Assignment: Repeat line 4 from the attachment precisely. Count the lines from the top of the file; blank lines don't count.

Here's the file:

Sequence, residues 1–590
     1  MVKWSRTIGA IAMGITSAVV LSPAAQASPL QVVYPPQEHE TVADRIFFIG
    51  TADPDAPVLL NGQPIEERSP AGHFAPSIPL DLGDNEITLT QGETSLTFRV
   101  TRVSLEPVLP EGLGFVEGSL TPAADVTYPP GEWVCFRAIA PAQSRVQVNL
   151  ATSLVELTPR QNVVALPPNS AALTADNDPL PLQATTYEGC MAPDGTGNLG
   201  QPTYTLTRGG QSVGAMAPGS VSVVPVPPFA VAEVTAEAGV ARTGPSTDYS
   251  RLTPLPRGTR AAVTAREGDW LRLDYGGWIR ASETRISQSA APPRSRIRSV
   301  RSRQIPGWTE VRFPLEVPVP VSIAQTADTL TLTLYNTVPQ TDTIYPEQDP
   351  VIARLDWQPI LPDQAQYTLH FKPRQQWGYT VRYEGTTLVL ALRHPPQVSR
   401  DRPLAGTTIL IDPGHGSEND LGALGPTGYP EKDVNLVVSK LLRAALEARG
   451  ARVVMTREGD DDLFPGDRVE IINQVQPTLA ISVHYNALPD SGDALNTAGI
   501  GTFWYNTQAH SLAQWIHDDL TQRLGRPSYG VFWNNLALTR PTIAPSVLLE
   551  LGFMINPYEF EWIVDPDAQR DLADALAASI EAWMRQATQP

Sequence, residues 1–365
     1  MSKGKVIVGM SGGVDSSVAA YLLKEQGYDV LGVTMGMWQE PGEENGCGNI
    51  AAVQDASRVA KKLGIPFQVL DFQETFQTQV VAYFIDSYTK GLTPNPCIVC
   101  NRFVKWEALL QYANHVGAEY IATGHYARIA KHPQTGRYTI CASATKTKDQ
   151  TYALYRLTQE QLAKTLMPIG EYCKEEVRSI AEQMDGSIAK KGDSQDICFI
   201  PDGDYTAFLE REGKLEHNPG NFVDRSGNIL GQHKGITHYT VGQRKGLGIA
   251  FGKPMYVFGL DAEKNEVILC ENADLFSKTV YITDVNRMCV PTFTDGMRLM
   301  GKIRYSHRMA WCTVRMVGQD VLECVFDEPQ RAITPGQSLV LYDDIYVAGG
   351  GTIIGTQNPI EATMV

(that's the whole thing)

   101  TRVSLEPVLP EGLGFVEGSL TPAADVTYPP GEWVCFRAIA PAQSRVQVNL